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Reviewed by Tammy Ruggles for Readers' Favorite
Kilo 3: The True Story of a Marine Rifleman’s Tour from the Intense Fighting in Vietnam to the Superficial Pageantry of Washington, DC by Richard W. Foster, Jr. is an intensely engaging true story of a teenager who dropped out of the eleventh grade of high school to be a Marine. You'll be with him during his time with the 6th Fleet in the Mediterranean Sea, then go with him into heavy battle in 1967 and '68 Vietnam, hoping to protect everyone from Communism. But what happened instead was disappointment and psychological fatigue from the fighting, which was grueling and took a toll in more ways than one. Later, his unit served the White House and other Washington locations. There was a big difference between the combat in Vietnam and his new DC duties. He somehow managed the baggage of combat he brought home with him and kept serving.
Foster brings readers up close and personal with the ground combat of Vietnam. In raw, powerful detail, he describes the horror of his experiences, yet there is a positive tone and message in all of it. He explains how he could have one foot in the carnage of Vietnam and one foot in the polar opposite world of Washington, DC. Some parts of this book must have been painful for the author to write, but the reading audience is more informed and enriched by it. What I like is the process of maturity the young Marines went through, from boys to men. The details of the training and ceremonies are enlightening. You don't realize what goes on with Marines until you read a book like this. I'm so glad stories like this exist, as they're a living history--stories you won't always get in a history book or documentary.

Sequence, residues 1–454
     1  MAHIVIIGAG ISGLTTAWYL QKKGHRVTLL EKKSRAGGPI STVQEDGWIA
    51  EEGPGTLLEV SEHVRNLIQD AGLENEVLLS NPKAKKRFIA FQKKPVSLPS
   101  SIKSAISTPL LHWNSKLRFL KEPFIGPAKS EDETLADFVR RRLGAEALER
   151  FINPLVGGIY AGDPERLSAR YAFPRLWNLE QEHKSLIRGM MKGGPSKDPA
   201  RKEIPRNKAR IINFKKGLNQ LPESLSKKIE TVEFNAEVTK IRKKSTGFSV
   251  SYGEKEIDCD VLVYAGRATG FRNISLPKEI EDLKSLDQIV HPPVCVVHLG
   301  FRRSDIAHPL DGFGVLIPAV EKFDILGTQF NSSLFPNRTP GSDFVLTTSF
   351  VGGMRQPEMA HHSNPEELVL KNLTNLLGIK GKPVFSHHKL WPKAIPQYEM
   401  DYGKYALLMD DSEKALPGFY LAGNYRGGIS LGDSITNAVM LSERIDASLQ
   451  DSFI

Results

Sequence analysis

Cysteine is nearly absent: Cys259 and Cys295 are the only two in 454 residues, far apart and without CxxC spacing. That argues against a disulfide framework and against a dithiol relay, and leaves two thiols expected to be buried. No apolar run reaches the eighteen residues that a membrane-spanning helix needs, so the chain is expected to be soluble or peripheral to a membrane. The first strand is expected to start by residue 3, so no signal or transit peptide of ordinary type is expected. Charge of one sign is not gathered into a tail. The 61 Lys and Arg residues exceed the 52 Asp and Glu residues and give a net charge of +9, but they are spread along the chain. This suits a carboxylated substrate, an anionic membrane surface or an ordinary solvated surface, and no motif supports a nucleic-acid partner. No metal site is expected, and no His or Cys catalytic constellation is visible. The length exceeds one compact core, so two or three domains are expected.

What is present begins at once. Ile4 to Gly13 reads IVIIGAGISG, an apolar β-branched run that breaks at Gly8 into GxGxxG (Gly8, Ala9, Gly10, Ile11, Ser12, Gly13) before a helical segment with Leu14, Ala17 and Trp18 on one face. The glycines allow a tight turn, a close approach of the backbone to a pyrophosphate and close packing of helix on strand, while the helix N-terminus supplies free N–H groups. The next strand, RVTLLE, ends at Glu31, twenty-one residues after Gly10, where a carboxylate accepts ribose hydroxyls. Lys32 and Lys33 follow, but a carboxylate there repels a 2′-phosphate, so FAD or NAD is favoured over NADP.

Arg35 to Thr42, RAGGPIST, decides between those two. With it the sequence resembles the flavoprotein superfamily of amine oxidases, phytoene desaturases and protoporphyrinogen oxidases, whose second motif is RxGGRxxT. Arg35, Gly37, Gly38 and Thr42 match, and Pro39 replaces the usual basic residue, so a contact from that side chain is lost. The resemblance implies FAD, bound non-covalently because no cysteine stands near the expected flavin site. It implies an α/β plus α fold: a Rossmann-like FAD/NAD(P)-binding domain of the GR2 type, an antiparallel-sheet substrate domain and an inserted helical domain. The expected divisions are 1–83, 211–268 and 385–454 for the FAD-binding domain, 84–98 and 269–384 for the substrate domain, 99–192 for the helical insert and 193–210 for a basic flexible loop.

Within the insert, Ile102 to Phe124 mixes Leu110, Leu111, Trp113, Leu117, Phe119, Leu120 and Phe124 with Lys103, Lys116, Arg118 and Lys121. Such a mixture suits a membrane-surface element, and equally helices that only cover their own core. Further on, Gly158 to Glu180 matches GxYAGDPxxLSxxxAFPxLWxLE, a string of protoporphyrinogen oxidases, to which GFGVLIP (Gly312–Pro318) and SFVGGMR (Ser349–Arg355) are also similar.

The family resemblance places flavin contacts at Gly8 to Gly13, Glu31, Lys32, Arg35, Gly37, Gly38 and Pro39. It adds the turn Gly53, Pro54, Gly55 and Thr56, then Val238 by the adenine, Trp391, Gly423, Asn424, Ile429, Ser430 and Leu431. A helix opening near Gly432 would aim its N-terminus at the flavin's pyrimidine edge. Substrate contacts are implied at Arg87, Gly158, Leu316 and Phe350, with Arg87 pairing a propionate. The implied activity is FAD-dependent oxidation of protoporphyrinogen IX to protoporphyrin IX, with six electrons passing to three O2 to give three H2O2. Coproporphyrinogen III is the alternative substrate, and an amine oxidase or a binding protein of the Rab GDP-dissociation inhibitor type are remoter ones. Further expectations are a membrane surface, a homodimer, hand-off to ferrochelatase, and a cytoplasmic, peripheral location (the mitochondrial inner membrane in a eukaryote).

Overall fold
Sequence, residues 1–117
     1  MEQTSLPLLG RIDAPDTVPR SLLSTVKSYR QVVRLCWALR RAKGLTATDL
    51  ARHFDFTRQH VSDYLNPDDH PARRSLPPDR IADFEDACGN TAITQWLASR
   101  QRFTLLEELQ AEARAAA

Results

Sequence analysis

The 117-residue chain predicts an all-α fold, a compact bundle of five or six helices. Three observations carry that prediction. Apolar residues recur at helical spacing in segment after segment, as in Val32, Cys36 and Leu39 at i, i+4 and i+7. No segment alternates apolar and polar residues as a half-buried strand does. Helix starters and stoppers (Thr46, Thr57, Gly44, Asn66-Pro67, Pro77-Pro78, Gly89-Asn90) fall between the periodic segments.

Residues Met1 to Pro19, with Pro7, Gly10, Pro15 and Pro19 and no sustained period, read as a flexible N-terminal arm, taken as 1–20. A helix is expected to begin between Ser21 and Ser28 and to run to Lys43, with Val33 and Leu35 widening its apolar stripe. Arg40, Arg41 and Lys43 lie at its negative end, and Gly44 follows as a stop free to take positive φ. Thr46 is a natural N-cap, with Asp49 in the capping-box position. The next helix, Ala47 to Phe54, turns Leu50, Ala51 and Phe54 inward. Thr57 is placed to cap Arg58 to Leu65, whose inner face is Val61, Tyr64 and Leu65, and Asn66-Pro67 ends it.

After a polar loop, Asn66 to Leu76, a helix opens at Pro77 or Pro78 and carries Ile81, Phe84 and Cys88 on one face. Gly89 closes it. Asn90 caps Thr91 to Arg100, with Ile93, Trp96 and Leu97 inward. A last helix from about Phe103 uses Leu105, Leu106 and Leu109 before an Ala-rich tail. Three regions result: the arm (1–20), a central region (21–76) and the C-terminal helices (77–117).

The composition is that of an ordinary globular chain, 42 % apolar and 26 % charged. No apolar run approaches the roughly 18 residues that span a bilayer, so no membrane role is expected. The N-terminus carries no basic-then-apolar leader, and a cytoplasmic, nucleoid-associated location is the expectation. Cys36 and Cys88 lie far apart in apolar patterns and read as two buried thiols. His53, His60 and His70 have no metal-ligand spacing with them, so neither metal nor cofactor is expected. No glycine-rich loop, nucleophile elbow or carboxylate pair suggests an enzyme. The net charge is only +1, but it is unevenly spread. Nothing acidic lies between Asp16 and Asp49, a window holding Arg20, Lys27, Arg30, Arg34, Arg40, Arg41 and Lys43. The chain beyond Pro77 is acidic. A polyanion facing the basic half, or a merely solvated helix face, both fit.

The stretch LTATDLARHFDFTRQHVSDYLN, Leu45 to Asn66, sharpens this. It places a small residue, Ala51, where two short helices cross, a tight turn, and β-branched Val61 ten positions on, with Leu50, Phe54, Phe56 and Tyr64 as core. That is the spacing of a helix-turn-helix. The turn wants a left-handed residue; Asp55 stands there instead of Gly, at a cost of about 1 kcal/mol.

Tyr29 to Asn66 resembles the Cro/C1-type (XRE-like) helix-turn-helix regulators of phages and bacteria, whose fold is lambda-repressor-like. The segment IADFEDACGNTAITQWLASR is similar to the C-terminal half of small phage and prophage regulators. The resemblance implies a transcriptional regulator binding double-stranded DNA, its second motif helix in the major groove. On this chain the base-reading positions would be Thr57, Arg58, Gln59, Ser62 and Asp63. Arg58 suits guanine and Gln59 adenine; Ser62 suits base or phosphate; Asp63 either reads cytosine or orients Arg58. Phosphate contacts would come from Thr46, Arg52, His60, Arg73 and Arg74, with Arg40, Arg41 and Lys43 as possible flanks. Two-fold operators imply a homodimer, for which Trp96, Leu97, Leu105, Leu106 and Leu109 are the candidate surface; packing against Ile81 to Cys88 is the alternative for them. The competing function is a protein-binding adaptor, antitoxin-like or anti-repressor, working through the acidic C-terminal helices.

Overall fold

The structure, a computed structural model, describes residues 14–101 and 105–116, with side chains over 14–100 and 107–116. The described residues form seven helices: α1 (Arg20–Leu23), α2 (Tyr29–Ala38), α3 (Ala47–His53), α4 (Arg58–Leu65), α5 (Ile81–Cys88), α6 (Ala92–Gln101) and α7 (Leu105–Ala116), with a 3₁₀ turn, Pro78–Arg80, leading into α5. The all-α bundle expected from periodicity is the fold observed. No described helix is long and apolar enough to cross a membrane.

I was stunned by the strength and resilience it must have taken for fighters to have to "compartmentalize" their experiences to survive combat and then serve in a non-combat capacity. I also appreciated the personal stories about other parts of his life, like growing up, relationships, etc. The images add so much to the narrative, which is already visceral, with descriptions like a captain looking "exhausted, lifeless, and defeated. Dull eyes and sagging cheeks", and his last day of service walking out the door in jeans and a polo shirt. Thanks to Foster's autobiography, I now have a better understanding of what a Marine is, and why it's said they're cut from a different cloth. Foster had an inner strength that not everyone possesses. For a powerful true story of one Marine's life experiences, Kilo 3 by Richard W. Foster, Jr. should be at the top of your reading list.